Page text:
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The Hippocratic Oath Seems Unstable, At Best

Updated on November 10, 2011

So I heard recently that an elderly woman, in Niagara Falls, ON, who had fallen to the ground in the lobby of the Greater Niagara General Hospital and had broken her hip, right there in the building was forced to wait a half hour for the paramedics to arrive.

Turns out I heard wrong. At least about the strict details of the vague, disgusting show of unethical behaviour by Niagara Falls’ General Hospital’s medical team.

The hospital’s paramedics had nothing to do with it, you see. Turns out after hospital staff, (two EMERGENCY room nurses) refused to help the woman, (elderly and laying on the floor in front of them, in a HOSPITAL, bleeding and suffering a broken hip), another staff member chose to do the right thing (ethically) and get the poor creature into a wheelchair, at least, until an ambulance from a neighbouring city arrived to deal with her.

Afterwards, it seems and I’m assuming, her situation began to take on a more logical flow of events. She’s alive, that’s a plus for her family and in particular, her son, who was present during this atrocious display of self-preference by the two ER nurses as it took place. Perhaps a thank you should go out to the staff member who took charge regardless of his or her workplace politics? Perhaps this person could be deemed a hero of sorts?

At the very least, I would hope that this person did not and will not suffer any bureaucratic political backlash from a system clearly unable to enforce the very oath that it would try to make good on.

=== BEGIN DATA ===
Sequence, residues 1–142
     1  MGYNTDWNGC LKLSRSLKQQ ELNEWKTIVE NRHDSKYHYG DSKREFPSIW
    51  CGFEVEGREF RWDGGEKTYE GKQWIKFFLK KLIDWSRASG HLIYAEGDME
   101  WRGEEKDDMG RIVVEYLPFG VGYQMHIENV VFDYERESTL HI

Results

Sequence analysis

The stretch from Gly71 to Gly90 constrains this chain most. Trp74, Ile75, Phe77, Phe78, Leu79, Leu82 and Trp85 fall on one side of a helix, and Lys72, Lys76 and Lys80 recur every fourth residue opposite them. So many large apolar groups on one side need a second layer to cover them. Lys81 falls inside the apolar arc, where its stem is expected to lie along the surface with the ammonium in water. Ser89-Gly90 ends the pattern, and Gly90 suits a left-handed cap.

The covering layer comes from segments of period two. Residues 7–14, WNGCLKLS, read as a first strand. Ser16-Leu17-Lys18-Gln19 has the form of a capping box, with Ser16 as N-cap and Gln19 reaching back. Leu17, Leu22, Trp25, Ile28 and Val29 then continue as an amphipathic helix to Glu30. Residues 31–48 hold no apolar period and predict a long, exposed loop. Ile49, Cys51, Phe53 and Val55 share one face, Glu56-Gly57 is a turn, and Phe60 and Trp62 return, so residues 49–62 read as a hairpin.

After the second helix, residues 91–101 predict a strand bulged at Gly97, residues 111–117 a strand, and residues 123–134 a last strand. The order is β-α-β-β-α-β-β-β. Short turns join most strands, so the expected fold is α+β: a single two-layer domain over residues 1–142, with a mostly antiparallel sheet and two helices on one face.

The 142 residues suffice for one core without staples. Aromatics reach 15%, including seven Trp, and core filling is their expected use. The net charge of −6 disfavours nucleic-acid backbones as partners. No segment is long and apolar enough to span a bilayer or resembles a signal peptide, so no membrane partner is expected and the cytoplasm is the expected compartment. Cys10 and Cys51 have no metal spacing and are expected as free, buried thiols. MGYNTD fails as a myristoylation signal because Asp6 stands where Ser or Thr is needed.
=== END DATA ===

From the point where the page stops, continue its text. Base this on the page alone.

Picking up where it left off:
Does the classic English translation of the Hippocratic Oath not emphasize certain concrete moral and humanistic values? And is the Hippocratic Oath not instilled into each and every authentic participant of the medical community in an attempt to prevent personal agendas by medically adept persons?

I will apply dietic measures for the benefit of the sick according to my ability and judgment; I will keep them from harm and injustice.

Whatever houses I may visit, I will come for the benefit of the sick...

When did this portion of the ‘Oath’ become relative to the occupational survival of the parties it was intended for? Was the Oath not intended to protect the sick and the dying from the personal feelings of their care takers?

Shame on the Niagara Falls General Hospital. SHAME on the two ER nurses involved in this story. I write this in the hope that both of them see the error of their ways, especially the wrong they committed on the day they let that poor, old woman become a bone of contention in their own personal fears of the very establishment they would say they support.

Life is so much more than the rules we are told to follow.


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    • fi fi profile imageAUTHOR

      fi fi 

      6 years ago from Niagara, Canada

      Lone Ranger - Wow...that statistic is staggering. Thank you for visiting!

    • fi fi profile imageAUTHOR

      fi fi 

      6 years ago from Niagara, Canada

      James A Watkins - As always, thanks for the insightful comment :)

    • profile image

      Lone Ranger 

      6 years ago